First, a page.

Questioning the assumption that "children must be taught how to think, not what to think"
I saw a meme today on Facebook with a quote by Margaret Mead, "Children must be taught how to think; not what to think."
I guess that sentiment is a good starting point for most people. Not for me though, I get sad when I read it because it says that children MUST - a position which asserts one's will and judgement over others - be TAUGHT - assuming that learning only occurs when one imparts knowledge and skills to others - HOW TO THINK - assuming that unless one knows how to think one isn't able to think, which is simply ridiculous as we're all born thinking, so doesn't that automatically mean we know how to?
And anyone assuming they can teach someone else WHAT TO THINK needs to rethink that assumption: marketing people know that the best way to make others think the way they want them too is not by teaching but by emotional manipulation and brainwashing. Like I said, it's a good starting place and I'm a long way down the track, been thinking about children thinking and learning for a long time now. Just wish more people would question well-meaning sentiments such as this and hopefully see how they help to keep the status-quo.
I still know people though that are surprised by the notion that children can already think, and quite well, as babies... As well as people who are still really fixated on what and when to teach, rather than helping children get on with learning.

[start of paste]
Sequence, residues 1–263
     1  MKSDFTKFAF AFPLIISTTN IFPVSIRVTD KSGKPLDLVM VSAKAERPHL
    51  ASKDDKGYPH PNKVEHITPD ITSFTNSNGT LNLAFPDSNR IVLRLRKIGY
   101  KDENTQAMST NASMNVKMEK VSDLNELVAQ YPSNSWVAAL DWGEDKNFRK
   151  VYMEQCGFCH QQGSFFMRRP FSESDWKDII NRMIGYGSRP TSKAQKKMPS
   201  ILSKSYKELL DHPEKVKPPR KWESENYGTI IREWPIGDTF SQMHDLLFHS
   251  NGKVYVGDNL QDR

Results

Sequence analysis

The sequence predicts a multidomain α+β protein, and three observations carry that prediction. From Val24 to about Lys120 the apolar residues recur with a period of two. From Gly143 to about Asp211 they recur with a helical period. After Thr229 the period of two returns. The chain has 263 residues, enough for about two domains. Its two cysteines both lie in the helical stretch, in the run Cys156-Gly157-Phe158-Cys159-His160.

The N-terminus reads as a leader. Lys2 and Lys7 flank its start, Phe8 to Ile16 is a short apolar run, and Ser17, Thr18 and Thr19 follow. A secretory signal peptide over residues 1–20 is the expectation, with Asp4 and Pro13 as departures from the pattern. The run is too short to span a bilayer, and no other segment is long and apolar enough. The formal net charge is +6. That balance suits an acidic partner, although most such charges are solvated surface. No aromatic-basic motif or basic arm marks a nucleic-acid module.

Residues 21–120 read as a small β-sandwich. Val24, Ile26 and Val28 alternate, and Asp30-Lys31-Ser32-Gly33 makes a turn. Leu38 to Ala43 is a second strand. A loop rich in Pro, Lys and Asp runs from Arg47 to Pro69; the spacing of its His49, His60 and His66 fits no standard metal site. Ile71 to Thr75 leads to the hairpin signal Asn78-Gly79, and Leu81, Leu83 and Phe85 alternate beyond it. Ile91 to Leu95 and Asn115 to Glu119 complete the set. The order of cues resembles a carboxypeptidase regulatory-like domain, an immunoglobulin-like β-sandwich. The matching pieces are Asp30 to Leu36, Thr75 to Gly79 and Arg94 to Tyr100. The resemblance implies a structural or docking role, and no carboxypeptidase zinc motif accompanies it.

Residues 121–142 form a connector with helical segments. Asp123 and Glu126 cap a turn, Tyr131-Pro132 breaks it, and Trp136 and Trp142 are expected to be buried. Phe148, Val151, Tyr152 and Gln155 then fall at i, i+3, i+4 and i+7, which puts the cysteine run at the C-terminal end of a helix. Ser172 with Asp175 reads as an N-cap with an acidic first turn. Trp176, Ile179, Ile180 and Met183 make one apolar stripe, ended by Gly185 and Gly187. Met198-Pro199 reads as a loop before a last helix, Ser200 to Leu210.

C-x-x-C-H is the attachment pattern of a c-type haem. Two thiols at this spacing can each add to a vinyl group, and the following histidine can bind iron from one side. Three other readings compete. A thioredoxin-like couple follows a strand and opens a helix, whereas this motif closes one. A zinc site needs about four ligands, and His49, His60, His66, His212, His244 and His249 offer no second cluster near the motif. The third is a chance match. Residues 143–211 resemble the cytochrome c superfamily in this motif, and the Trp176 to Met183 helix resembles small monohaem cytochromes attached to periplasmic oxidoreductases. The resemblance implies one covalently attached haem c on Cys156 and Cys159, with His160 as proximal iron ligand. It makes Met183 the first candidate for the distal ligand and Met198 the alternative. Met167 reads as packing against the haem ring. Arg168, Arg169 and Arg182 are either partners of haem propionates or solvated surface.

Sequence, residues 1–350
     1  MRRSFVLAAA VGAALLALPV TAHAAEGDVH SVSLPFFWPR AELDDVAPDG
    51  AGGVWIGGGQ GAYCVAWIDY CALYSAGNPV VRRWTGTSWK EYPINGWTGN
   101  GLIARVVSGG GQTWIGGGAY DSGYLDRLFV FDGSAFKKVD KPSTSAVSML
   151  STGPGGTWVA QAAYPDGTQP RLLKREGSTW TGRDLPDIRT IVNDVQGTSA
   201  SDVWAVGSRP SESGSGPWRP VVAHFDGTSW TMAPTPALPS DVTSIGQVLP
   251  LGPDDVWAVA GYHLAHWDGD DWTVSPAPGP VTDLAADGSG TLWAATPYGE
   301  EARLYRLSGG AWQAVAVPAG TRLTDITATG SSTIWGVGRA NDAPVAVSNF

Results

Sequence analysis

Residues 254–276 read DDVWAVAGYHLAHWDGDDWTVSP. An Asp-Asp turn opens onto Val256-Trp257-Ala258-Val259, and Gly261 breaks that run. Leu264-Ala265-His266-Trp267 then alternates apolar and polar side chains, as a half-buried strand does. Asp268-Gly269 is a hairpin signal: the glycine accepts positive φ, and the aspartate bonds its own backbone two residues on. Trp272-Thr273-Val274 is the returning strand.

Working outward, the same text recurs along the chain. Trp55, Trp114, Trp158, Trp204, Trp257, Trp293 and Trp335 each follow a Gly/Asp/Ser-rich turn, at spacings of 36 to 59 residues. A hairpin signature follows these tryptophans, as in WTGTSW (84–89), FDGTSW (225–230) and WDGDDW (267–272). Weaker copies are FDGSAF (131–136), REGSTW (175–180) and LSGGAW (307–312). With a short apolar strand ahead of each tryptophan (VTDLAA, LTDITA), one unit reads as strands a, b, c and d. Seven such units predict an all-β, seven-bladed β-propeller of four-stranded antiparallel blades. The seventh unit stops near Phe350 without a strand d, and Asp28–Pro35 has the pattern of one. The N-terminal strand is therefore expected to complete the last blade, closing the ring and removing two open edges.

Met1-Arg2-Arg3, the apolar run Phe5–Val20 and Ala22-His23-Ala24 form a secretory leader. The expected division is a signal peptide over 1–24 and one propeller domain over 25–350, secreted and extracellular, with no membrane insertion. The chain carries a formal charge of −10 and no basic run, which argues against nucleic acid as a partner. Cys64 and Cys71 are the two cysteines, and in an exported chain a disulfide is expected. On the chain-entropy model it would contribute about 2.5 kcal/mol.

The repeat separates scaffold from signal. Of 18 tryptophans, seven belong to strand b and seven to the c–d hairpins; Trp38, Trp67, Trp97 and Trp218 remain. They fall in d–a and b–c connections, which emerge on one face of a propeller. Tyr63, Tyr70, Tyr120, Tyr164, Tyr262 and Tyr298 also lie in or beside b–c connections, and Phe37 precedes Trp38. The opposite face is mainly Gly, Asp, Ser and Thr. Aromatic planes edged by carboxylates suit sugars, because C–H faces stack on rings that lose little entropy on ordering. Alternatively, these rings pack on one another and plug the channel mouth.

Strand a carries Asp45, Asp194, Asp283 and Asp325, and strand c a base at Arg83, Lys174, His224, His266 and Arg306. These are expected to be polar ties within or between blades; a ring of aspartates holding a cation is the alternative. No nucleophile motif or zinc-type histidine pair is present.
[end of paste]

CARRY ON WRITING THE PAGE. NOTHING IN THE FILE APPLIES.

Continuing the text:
I think that there is a role for others to guide and mentor others and if asked, even teach.
Children trust that we as parents will meet their needs. Trouble is, we have so much trouble recognising and identifying our own needs - life has become over-complex and over-thought. And I honestly think we confuse needs and wants. We need love and acceptance, acceptance for who we are, right here, right now, as we are. That's the starting place for any kind of guidance, mentoring, teaching.
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We began educating our children in 1985, when our eldest was five. In truth, we had helped them learn what they need to learn since they were born. I am a passionate advocate of allowing children to learn unhindered by unnecessary stress and competition, meeting developmental needs in ways that suit their individual learning styles and preferences. Ours was a homeschooling, unschooling and natural learning family! There are hundreds of articles on this site to help you build confidence as a home educating family. We hope that your home educating adventure is as satisfying as ours was! Beverley Paine
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